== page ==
Baby steps. That’s what they always recommend in self-help books. “As long as you move in the right direction, it doesn't matter how fast you move” is one of the mantras in this field. Well, when you move abroad, things are a bit different. While baby steps are not wrong, giant leaps are much better. According to international research, the faster expats settle in, the better.
My kids, who have read some of my blog posts, read this one and proclaimed it as "the most boring story ever." So you are excused if you are now moving on to check out hot sales on Amazon.com. Or hot dudes on Singles.com. But if you're sticking around, I thought I'd share my Ultimate Expat Moving Checklist here with you. Or, if not with you, at the very least my own future self.
I'm not sure the title of this post is quite right.
What makes an expat "successful?" If you set the bar low enough, you could argue that anyone coming back alive from an expat assignment can claim success. Which in our case, if you want to believe all the fear-mongers about life in South Africa, was quite the miracle. I guess what I really mean to discuss is how you can thrive as an expat, way beyond mere survival.
Tips on free parking in Johannesburg. Also, have you ever found yourself at the exit boom of a parking garage without your ticket being paid for, because you either couldn't find the pay station or it wasn't working? Not a problem here in Africa – someone will materialize and happily take your ticket and some money from you, go to the machine, and redeem the ticket.
South Africans are early risers, and they are early Christmas shoppers, too. By mid-October, you will find your local supermarket decked in Christmas decorations and delicatessen, and plenty of reindeer and snowmen will be grinning at you as you are buying your groceries. No wonder that the well-organized in these parts start making provisions for the Festive Seasons early.
"What is the cost of living in South Africa?" This is the question I am asked most often by people contacting me through my blog (behind "How safe is South Africa," of course), and it is the one I most dread. Because it is very difficult to answer. Firstly, because we are a family of six with very different expenses from, say, a young couple without kids living in an apartment.
"Insist on references, and don’t rely on the recommendation of a relative. Make sure you talk to the previous employer to find out as much as you can about the style and work habits of the domestic worker." This is just one of the many tips guest blogger and fellow expat Barbara Bruhwiler has about hiring domestic help in South Africa.
I’m making my way to another expat tip of mine, if you’ll just bear with me.We recently had some repairs done to our irrigation system. I know you’ll accuse me of snobbery for daring to complain about such things as pools and irrigation systems, but it just reinforces my philosophy that material things don’t necessarily make you any happier. They mainly create more work. In my next life I want to be an irrigation system specialist. Oh how sweet would it be to just go out there and turn one of those sprinkler heads to point towards the lawn and not the road. Or the house. But it is strictly impossible to comprehend the workings of these pesky things. Whenever I can actually get someone to come out and take a look, I hover over them, at the risk of being drenched, to try and discern how in the world he turns that head so it’s pointing the right way. But invariably I lose track after he twists and turns and pushes down and turns again, and I have to admit to myself that I have no idea. The only thing I’ve ever succeeded in doing is ripping the head off completely, which then gives you a fountain in your yard where you really don’t want it. So we recently had some sprinkler heads replaced and some leaks repaired, and in order to do that, the repair guy had to turn off our water mains. I had no idea where that might be, and he somehow found it on his own. Later, as he was getting ready to leave when all the lawn cycles had been gone through and demonstrated to be working, he mentioned to me that “by the way, I had to dig sort of deep to actually get to the water mains, what with all the grass growing on top of it, and there is no way anyone has come and done an actual water meter reading in the last several years.” Hmmm. Now at least I know where the water meter is. Apparently, all the water meter readings we’ve been getting since moving here are pure estimates. We’ve been faithfully paying an entirely fictitious water bill. So for the expat tip: Find out where your water meter is, and do a reading as soon as you move into your new house, just so that you have an idea what the starting point is and if your monthly charges from then on out make any sense.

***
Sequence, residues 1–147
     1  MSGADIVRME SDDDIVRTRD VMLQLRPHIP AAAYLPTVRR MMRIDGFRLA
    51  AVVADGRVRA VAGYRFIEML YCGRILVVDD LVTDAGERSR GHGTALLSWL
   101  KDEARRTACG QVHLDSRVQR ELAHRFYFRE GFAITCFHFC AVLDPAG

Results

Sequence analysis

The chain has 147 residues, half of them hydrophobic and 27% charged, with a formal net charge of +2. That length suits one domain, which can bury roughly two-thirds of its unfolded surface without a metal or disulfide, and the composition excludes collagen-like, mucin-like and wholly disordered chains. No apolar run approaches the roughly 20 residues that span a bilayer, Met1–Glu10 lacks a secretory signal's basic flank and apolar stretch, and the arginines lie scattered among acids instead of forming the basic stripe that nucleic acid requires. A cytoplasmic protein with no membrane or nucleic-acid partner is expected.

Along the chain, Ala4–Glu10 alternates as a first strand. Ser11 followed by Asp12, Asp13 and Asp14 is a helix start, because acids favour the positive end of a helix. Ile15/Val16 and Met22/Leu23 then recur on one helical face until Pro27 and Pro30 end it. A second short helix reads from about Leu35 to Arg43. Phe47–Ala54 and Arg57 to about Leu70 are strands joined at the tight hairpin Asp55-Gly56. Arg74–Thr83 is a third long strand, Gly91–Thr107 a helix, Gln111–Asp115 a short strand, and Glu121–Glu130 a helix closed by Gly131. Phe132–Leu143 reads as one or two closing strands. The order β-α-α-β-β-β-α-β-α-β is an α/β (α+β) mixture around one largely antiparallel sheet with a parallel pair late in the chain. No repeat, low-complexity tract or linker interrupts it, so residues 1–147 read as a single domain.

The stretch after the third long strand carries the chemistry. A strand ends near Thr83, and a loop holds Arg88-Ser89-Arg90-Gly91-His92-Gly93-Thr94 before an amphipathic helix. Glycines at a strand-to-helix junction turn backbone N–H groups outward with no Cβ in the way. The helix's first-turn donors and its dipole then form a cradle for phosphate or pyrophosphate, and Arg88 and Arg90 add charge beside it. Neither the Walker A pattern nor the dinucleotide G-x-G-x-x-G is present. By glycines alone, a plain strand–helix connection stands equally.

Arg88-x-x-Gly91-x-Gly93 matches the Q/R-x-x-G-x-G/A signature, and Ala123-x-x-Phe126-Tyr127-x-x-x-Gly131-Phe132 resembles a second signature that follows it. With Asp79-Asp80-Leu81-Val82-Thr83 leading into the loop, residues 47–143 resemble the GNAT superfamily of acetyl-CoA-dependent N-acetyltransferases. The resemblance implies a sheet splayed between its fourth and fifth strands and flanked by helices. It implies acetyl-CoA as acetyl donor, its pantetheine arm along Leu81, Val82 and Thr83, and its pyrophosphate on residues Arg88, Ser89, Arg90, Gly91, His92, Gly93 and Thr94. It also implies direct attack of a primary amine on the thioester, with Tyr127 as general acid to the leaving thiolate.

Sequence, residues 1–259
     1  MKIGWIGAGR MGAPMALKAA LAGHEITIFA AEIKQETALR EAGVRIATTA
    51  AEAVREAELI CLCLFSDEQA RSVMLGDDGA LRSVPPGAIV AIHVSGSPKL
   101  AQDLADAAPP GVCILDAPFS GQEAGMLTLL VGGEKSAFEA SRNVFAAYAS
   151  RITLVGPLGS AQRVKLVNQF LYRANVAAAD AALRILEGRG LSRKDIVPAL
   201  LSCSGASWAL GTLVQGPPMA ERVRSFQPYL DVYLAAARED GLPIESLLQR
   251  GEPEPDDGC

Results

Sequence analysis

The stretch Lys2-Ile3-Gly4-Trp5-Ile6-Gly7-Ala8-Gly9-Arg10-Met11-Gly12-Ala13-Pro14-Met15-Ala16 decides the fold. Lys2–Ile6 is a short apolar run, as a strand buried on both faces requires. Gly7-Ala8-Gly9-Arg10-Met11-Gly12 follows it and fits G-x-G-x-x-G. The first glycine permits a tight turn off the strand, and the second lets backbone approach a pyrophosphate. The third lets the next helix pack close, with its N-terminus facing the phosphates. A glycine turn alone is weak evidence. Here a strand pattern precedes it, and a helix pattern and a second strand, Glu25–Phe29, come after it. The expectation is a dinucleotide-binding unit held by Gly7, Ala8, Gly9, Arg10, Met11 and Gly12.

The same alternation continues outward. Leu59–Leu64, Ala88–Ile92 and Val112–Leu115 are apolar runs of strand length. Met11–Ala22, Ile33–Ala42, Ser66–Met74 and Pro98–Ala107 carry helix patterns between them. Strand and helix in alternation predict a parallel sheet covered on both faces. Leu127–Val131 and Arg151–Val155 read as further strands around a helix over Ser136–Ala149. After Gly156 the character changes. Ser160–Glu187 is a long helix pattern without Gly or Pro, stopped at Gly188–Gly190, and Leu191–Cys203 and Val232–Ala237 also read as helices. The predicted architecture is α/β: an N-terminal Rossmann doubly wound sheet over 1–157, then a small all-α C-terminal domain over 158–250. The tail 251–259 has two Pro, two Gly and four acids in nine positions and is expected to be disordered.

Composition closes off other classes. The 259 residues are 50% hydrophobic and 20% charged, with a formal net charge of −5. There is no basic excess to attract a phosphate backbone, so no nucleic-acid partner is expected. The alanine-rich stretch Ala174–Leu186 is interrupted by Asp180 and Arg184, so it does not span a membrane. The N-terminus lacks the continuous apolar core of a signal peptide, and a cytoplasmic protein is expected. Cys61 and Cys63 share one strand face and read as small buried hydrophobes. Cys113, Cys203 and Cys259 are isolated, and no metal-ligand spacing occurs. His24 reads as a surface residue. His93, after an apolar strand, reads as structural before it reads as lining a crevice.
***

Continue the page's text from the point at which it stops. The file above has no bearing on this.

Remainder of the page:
Successful excavation of our water meter. See the toad on the left? And meter on the right?
Yes, I have an affair. It started shortly after moving to South Africa. It wasn’t all that secret, to be honest, but it was very time consuming. I mostly conducted it over the phone, except for one not-so-clandestine encounter. Then I thought I ended it last July. 190 long days of not talking ...
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When I recently came across the Guide to Johannesburg by Expat-Living.info, my first thought was “wait a minute, that’s what my blog is all about!” I had to find out more, so a few weeks ...